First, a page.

Gutter & Spout — (Binsers)
[I like the double meaning on "Gutter" -- that's one tough gargoyle!]
 
Lilith & Phantastes — (Binsers)
[I have these books on my shelf, too!]
 
Bjarg & Fell — (Swordlily)
[I love it when sound reinforces meaning, and vice-versa!]
 
Scry & Ruin — (Swordlily)
[I do love it when verbs are brought to bear! These are highly gargoyle-appropriate!]
 
Victor & Hugo — (Spam Man)
[These are pretty self-explanatory. In the spirit of full disclosure, I believe these were used for the names of gargoyles in a Disney movie; but I didn't set any rule about originality.]
 
Maveth & Tsalal — (Shieldmaiden)
[My apologies for changing the forms back to the originals; I like them better! Please refer to the previous entry to review Shieldmaiden's explanations of these. They're well-researched!]
 
Roc & Hardplaz — (Scott)
[Woe to the evil spirit that gets between them! Little bit of Sinbad's adventures thrown in there, too, with "Roc"!]
 
Turgor & Gygax — (Scott)
[These are names from our D&D campaign. Turgor came from turgor pressure, studied in our science class, and I always thought it should be a Dwarf name; and Gygax is the name of the inventor of D&D, Gary Gygax.]
 
Guard & Ian — (Swordlily)
[I love the fact that Ian is actually a name!]
 
Me & You — (Lance L.)
[Simple and direct.]
 
Gem & Eye — (Shieldmaiden)
[Additional to the Gemini pun, "Eye" makes a great name for a watcher!]
 
Doygan & Thurgur — (Hannah)
[I don't know the significance of these names, but I like the sound!]
 
Strunk & White — (Philip)
[During some move over the past years, I lost my copy of Strunk & White -- but I used to refer to it all the time!]
 
Irk & Vex — (based heavily on an idea of Shieldmaiden’s)
[Verbs again! Very nice verbs for gargoyle names! I like the shortness.]
 
Toss & Turn — (Shieldmaiden)
[Shieldmaiden suggested these as Untoward names, and have you ever heard any better names for Untowards?! When I do write the sequel to Dragonfly, I hope Shieldmaiden will let me use these! That precisely captures the character and spirit of Untowards!]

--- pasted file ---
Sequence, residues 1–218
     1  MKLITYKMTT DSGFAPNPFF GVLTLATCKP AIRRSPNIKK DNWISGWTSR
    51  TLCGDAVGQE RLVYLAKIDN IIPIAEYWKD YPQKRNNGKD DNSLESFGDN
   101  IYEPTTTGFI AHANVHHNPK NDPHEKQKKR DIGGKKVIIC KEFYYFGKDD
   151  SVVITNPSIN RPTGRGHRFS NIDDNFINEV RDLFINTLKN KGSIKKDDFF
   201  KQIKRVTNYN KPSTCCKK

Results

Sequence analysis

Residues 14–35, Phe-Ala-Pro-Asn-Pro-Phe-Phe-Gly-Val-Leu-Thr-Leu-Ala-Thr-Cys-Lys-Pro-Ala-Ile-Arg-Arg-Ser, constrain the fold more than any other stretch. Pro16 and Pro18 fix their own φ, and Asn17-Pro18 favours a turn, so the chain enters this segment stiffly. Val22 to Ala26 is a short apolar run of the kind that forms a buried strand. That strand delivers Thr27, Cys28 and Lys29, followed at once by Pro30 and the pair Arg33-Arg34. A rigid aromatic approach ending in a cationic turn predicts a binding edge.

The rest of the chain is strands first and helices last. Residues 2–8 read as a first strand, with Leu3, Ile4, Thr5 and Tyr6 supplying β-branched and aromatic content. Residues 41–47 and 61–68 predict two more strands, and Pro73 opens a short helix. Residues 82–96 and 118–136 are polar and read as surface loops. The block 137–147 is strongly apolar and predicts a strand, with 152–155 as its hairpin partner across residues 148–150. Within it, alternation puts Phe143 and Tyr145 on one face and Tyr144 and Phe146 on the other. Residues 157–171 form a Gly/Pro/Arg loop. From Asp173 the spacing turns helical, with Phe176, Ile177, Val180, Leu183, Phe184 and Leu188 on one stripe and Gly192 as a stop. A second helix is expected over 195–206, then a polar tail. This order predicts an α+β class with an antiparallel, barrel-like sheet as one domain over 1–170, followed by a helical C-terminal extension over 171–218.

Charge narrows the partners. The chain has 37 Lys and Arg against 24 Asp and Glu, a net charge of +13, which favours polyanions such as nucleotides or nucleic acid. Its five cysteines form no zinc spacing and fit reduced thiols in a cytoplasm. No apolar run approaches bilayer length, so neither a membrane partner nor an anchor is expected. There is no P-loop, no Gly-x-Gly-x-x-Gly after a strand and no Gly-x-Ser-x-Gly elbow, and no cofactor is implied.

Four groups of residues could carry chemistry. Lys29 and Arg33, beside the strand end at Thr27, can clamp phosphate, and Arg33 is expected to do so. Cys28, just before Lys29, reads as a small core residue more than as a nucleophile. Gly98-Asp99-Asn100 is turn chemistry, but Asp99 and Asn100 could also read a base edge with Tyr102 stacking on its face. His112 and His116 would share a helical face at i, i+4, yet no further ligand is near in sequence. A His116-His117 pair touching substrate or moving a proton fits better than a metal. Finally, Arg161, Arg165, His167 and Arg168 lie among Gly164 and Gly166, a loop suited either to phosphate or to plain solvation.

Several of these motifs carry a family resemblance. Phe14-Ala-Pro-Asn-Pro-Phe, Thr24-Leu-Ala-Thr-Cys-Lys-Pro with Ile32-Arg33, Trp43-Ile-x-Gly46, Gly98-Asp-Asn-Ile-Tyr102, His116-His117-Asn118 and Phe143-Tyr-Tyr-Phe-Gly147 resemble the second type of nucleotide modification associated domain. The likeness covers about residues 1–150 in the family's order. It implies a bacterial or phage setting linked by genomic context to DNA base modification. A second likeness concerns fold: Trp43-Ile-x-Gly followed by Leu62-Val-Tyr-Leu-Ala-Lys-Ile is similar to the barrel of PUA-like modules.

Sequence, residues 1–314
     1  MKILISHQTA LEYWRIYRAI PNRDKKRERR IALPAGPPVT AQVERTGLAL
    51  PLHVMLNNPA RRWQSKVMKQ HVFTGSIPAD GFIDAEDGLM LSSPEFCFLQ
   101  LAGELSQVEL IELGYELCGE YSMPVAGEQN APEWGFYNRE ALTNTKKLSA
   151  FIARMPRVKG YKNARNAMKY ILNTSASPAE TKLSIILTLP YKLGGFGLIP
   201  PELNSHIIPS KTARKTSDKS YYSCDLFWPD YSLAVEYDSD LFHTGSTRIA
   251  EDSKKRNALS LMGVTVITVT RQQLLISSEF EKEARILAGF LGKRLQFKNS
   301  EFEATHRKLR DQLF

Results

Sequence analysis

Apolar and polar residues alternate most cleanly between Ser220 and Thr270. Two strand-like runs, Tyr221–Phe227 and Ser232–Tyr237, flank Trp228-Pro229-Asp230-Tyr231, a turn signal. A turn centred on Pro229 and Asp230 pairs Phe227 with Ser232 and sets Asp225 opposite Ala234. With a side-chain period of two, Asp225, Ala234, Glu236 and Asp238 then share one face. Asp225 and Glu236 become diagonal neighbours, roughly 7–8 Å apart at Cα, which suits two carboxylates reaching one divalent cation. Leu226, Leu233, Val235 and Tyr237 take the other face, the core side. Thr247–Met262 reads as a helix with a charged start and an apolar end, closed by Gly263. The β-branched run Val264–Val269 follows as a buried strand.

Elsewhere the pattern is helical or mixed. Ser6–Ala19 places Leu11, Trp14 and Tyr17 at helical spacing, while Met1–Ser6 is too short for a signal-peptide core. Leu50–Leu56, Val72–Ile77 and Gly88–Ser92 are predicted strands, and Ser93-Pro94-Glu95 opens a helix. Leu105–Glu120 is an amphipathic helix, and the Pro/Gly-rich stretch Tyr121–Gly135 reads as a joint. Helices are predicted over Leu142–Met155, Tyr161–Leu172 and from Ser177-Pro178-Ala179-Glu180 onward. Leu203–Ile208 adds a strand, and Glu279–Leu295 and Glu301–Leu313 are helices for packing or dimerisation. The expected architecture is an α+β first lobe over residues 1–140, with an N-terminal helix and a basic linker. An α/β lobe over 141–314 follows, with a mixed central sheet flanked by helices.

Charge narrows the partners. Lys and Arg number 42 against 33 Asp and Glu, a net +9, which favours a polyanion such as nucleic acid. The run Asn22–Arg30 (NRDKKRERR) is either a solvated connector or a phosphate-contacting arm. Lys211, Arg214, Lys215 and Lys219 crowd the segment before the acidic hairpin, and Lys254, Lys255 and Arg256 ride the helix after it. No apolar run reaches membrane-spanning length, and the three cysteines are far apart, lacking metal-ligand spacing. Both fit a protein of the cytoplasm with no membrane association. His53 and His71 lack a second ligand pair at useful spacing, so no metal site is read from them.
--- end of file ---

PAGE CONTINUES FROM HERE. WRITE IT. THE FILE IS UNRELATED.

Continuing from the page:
Nick & Nack — (the mysterious “E”)
[Another nice, short pair; very good for gargoyles-as-bookends!]
 
Sword & Sorcery — (Morwenna)
[I love this pair! If the gargoyles were in a bookstore, they should have these names and watch over the sword & sorcery section!]
 
Merry & Goround — (Morwenna)
[It would really be fun to write about gargoyles with these names! "Merry" is good for its irony, and "Goround" speaks for itself!]
 
Gog & Magog — (Jedibabe)
[Cool! This was also one of my first thoughts. Apparently there's a lot connected with these names beyond the Old Testament, too, which I'm mostly unaware of.]
 
Fister & Twister — (50% from Swordlily)
[This goes along with my Bouncer & Trouncer. This is probably what the goblins call the gargoyles, like they call Orcrist and Glamdring "Biter" and "Beater."]
 
Hugin & Munin — (Gabe)
[We have ex-Norse mythology buffs on the blog, and we have experts who stay current . . .]
 
Sky & Ward — (Swordlily)
[I like the mileage we get out of "Ward" on this pair!]
 
Fast & Furious — (Catherine)
[These would also be good Untoward names!]
 
Modi & Magni — (Catherine)